Spotlight Mozart: The Da Ponte Operas
During his career, Karajan conducted all three “Da-Ponte operas”. The first of the “Da Pontes”, “The Marriage of Figaro”, was written in 1785/86. It was the one that Karajan conducted most often. “Figaro” – Mozart’s most amusing opera – has been in Karajan’s repertoire for over 50 years. His first performance was in 1929 at the age of 21, the last in August 1980.
This photo shows Erich Kunz as Figaro and Elisabeth Schwarzkopf as Countess in a Vienna State Opera production in 1958, also in the cast were other legendary Mozart singers like Eberhard Waechter, Irmgard Seefried, Christa Ludwig and (in the following year) Elisabeth Höngen as Marcellina. Karajan’s first studio recording of “Figaro” with the Vienna Philharmonic in 1950 already featured some of the singers that made up his cast in 1958: Kunz, Seefried, Schwarzkopf, Höngen. Together with George London and Sena Jurinac they “gel” wonderfully in this Mozart opera treasure.
The 1972 Salzburg production featured the incomparable Teresa Stratas as Susanna and one of the 20th century’s most popular Figaros, Walter Berry.
“Don Giovanni” was the second collaboration of Mozart and his librettist Lorenzo Da Ponte and was first performed on 29 October 1787 in Prague. Since then, the “Dramma giocoso” about an impenitent libertine has inspired countless interpretations and literary versions. “Don Giovanni” is a centrepiece of every opera conductor’s repertoire, so it is hardly surprising that Karajan constantly came back to it throughout his career from 1930 to 1988.
Joseph Wechsberg wrote about the 1960 Salzburg “Don Giovanni”: “Musically, Karajan’s Don Giovanni ranks with his Tristan and the best moments of his Ring. This was a great, genuine Mozart experience from beginning to end: everything was in there, the drama and the conflicts, the terror and the moments of fun, the enormous emotional scale of Mozart’s supreme operatic score.”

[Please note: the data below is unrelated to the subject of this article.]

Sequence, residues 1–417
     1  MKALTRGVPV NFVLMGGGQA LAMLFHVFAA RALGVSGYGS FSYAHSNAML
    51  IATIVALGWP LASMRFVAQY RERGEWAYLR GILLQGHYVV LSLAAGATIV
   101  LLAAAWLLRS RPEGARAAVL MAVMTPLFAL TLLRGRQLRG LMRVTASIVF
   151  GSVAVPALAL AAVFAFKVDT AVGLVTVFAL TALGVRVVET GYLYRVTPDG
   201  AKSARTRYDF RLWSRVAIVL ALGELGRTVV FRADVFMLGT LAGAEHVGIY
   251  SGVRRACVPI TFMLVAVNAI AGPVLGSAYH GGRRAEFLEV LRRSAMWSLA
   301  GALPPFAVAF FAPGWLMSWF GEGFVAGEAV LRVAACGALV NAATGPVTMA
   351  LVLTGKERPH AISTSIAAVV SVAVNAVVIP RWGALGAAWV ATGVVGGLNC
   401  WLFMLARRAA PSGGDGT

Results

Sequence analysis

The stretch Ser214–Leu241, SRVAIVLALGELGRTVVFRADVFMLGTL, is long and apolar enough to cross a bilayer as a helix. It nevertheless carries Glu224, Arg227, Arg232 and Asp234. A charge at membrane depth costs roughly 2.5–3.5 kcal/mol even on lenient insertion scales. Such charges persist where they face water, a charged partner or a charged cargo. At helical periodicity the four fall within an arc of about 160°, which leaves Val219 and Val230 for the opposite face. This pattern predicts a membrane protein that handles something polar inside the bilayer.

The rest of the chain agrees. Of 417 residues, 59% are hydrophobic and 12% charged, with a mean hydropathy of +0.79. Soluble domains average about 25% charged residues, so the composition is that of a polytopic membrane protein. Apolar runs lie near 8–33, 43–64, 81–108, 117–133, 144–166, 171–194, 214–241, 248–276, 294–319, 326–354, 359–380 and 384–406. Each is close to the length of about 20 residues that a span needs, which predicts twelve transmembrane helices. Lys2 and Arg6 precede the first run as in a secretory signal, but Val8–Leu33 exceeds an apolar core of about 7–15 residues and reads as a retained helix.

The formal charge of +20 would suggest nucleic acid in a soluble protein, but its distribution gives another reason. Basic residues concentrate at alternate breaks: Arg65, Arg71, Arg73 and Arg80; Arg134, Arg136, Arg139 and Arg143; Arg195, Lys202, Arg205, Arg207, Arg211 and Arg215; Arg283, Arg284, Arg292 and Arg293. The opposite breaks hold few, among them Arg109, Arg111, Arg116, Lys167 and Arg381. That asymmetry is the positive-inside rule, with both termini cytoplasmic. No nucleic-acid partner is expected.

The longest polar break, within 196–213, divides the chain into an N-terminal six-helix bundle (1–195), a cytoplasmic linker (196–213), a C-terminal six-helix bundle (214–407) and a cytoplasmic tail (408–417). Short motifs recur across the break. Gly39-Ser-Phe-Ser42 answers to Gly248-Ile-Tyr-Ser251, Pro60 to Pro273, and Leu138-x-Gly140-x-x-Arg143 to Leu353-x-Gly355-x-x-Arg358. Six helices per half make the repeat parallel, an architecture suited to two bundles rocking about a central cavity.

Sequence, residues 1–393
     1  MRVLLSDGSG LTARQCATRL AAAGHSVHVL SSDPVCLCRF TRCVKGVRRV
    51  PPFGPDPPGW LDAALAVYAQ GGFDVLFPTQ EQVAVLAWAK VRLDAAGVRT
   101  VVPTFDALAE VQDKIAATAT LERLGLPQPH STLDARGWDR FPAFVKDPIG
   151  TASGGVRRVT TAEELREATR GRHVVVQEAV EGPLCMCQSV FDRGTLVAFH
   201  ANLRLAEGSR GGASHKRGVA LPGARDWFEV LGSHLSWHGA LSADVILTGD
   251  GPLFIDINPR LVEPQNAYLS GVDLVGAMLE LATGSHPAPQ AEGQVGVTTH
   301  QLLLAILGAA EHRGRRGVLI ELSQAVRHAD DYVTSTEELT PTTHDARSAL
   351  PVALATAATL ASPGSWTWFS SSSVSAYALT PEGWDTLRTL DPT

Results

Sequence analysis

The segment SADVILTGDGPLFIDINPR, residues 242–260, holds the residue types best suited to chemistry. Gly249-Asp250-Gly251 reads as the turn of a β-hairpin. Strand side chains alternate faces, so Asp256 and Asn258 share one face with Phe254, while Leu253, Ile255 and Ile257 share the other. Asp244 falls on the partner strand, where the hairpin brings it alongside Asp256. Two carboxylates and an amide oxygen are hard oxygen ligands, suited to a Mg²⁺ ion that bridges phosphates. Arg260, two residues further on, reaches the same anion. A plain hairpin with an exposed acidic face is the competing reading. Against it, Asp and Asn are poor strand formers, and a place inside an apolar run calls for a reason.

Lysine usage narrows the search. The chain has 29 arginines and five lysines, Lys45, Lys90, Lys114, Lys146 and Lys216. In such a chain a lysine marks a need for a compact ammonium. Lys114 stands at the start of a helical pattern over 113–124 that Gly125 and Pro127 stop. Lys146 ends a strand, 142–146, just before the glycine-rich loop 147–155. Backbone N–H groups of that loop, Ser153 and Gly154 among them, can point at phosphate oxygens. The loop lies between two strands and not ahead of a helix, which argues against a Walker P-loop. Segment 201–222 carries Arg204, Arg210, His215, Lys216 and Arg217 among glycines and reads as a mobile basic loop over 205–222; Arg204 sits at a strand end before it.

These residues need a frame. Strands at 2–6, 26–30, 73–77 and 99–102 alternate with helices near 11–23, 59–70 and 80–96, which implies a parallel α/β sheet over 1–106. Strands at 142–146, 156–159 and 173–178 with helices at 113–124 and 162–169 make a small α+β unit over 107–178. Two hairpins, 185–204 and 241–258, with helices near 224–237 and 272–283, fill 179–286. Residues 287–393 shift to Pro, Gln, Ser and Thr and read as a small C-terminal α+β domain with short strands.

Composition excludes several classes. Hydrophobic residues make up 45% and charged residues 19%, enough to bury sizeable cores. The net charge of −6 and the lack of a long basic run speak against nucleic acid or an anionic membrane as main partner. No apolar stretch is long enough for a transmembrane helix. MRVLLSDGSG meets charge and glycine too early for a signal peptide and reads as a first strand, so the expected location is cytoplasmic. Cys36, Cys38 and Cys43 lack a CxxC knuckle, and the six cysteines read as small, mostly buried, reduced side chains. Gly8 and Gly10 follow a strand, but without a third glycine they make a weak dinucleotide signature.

The famous duettino “Là ci darem la mano” in three different Karajan productions.
After “Figaro” and “Don Giovanni”, Mozart’s third and last “Da Ponte Opera” is “Così fan tutte”, composed in 1789/1790. In the 19th century it was the most neglected of Mozart’s major operas. The libretto was criticized for being too frivolous and the opera was often played in a shortened or revised version.
Although the musical style of this opera – the elegance, the wit and the sparkling combination of the six solo voices – was tailor-made for Karajan, he only made one recording to prove it, the 1954 version with Elisabeth Schwarzkopf, Nan Merriman, Lisa Otto, Rolando Panerai, Léopold Simoneau, Sesto Bruscantini and the Philharmonia Orchestra, produced – of course – by Walter Legge. Karajan’s biographer Richard Osborne wrote on the “Così fan tutte” recording: “Karajan’s conducting is stylish and spare-toned, fleet-footed but never hasty… the playing on this 1954 recording of Così most nearly resembles a perfectly judged dry martini.” Our data base only boasts one single stage performance in 1937.
We’ve prepared playlists with Karajan conducting the three “Da Ponte operas”. Listen to them here.